The Centers for Disease Control and Prevention (CDC) has revised downward its estimate of the number of Americans who become sick due to foodborne illness each year – from 76m to 48m.
The revised figures estimate that one in six Americans fall ill as a result of foodborne pathogens each year – down from one in four according to the CDC’s previous estimate. The agency has more than halved its estimation of the number of people who are hospitalized as a result of foodborne illness, from 375,000 a year to 128,000. And the number of estimated annual deaths has decreased from 5,000 to 3,000.
The figures are the CDC’s first update of foodborne illness data since 1999, and the first to estimate illnesses caused solely by foods eaten in the United States.
CDC director Thomas Frieden said: "We've made progress in better understanding the burden of foodborne illness and unfortunately, far too many people continue to get sick from the food they eat. These estimates provide valuable information to help CDC and its partners set priorities and further reduce illnesses from food."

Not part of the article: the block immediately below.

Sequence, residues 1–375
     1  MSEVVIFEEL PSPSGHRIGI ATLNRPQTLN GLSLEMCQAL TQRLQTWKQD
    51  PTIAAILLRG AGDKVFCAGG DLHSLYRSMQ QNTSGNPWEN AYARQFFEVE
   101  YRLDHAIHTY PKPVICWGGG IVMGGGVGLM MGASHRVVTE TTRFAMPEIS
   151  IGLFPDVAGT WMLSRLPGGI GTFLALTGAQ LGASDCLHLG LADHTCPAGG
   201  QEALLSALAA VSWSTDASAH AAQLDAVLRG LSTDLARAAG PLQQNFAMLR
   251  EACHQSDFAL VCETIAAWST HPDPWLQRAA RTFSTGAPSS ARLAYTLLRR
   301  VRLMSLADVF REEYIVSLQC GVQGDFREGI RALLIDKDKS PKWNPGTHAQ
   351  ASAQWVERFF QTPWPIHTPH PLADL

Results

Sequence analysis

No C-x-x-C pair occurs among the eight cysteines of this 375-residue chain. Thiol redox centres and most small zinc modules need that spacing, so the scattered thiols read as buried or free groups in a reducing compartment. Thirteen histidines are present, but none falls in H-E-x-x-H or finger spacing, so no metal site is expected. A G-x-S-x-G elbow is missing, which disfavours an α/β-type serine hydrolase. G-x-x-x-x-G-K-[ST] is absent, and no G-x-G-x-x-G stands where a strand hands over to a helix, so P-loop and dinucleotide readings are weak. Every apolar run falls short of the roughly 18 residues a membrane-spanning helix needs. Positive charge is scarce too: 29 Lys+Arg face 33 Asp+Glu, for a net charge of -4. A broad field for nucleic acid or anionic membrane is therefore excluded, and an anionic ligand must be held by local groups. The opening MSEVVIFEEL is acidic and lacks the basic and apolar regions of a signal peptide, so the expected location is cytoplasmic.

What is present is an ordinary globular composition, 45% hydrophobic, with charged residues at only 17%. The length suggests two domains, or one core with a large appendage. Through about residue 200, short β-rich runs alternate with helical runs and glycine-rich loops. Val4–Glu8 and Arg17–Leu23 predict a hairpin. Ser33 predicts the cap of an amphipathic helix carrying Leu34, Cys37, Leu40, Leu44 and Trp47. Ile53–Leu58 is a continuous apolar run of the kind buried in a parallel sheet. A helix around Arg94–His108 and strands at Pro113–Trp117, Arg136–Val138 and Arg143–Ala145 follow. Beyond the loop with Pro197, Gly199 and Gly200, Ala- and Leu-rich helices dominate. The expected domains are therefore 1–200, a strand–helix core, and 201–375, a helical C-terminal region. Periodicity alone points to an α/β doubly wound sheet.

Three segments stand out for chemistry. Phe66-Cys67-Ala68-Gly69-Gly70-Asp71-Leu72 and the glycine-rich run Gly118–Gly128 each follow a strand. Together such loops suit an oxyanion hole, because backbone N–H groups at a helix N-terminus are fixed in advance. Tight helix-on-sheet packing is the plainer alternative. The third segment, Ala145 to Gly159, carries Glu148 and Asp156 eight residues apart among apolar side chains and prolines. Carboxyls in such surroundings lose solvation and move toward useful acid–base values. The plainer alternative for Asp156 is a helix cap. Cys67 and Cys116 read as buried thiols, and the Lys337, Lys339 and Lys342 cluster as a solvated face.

The revised figures are not necessarily a reflection of an increasingly safe food supply, however. The CDC said that the differences are largely due to better data and methods used, resulting in more accurate estimates.
Food and Drug Administration (FDA) commissioner Margaret Hamburg said: "Foodborne illnesses and deaths are preventable, and as such, are unacceptable. We must, and can, do better by intensifying our efforts to implement measures that are prevention-oriented and science-based.”
Hamburg added that the passage of new food safety legislation, currently awaiting a Senate vote, would provide better tools to help modernize the United States’ food safety program.
According to the CDC’s new estimates, the pathogens that cause the most illnesses are norovirus (58 percent); non-typhoidal Salmonella spp (11 percent); C. perfringens (10 percent), and Campylobacter (9 percent). The leading causes of death are non-tyhpoidal Salmonella spp (28 percent); T. gondii (24 percent); L. monocytogenes (19 percent) and norovirus (11 percent).
The CDC’s full report is available online here .